A Holy Horror- in which the brutality of death collides with the mercy of Christ

I expected labored and slowed breathing. I expected the meds to be pushed to their legal limits to keep my husband comfortable. I expected pain and suffering. I expected a slow fade. I expected death. I expected God to be present. I thought I was prepared. I'd been present during the holy moment of passing before.

Not all deaths are alike.

I didn't know how brutal and horrifying the death process could be- nor was I prepared for it. I didn't expect a surreal horror show.

I've written a bit about the difference between what my husband was experiencing and what his body was going through. (Scroll back a few posts.) Today- I need to write about what I was experiencing.

A Holy Horror.

While Kyle was peaceful and comfortable and yet some how lucid- his body was anything but peaceful. I'm going to go into some details that are disturbing. There's no sugar coating it- death? Is disturbing. Why am I going to share these details? Because someone else will experience a Holy Horror and I want them to know they're not alone. Possibly even to know that some deaths are truly grotesque physically and still beautiful spiritually.

First- when I arrived home and found my husband unresponsive- he was also seizing and struggling to breathe. To see him slumped over, physically locked up and sounding like each breath could be his last- was truly horrifying. I screamed. I shook him. I begged him not to die. I cursed at him and demanded that he come back to me. I scream-prayed and beg/demanded that God do something. The rest of that day was spent intubation- ventilating him, accessing more and more veins to administer more and more meds. He stabilized, and as I wrote before, he chose to have the ventilator removed late that night.

The next couple of days were spent knowing this was the end. However he was breathing on his own and able to talk. It was a Holy time of loving him and him loving others. They removed most of the ivs and just did what they could to make the dying process as comfortable as possible.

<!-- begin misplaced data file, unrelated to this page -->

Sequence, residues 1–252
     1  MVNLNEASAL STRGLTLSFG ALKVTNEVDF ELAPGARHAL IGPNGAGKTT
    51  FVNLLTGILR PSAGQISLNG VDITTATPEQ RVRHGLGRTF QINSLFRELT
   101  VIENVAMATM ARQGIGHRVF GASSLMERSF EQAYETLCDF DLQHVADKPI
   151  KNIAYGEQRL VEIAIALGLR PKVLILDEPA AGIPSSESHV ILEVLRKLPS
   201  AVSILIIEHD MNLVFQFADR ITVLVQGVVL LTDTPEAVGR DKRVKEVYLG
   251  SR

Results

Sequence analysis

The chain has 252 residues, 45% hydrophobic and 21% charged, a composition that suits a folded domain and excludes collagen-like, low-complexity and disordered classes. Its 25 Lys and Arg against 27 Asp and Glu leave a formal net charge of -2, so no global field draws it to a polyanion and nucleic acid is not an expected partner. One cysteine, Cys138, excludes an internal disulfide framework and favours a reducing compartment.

Then, things changed. I noticed a strange stain growing on the sheets under his left arm. Fluids and toxins were no longer being effectively eliminated from his body and had started seeping through his skin. I had no idea that this could happen. There's nothing to fix it- just change the sheets.

I kept telling myself it was something that spilled, or some other bodily fluid because stuff seeping through skin was more than I could handle.

Until the coughing started. I was expecting a death rattle to signal a nearing of the end. I did not expect huge clots of gore to need suctioning. I had no idea they could become too large for suction and need to be "caught" and carried to the trash. I felt like I was carrying pieces of my favorite person. I feared it was parts of his lungs. I refused to ask. I just carried on.

It's important to know that as fluids seeped and gore was coughed up- Kyle was still responsive and saying "I'm doing great. I'm having a great time." Something I can only ascribe to the all surpassing peace of God being gifted to him
In those final hours. Unfortunately, it was not a two for one deal on all surpassing peace. While he saw everything happening to his body and was fine with it, even joking (At one point he was impressed with a chunk of gore and said: "That's a good one." Yes. He really did.) I saw the brutality, and I was not.

Kyle's bone marrow had stopped producing platelets in the weeks before his death. And what happened next is attributed to that. He started to bleed out.

First it was his nose. The nurse and I could hardly keep up with the fountain of blood that it became. Then it was other places. Even knowing he was dying, seeing blood under him when they changed his sheets was still horrifying.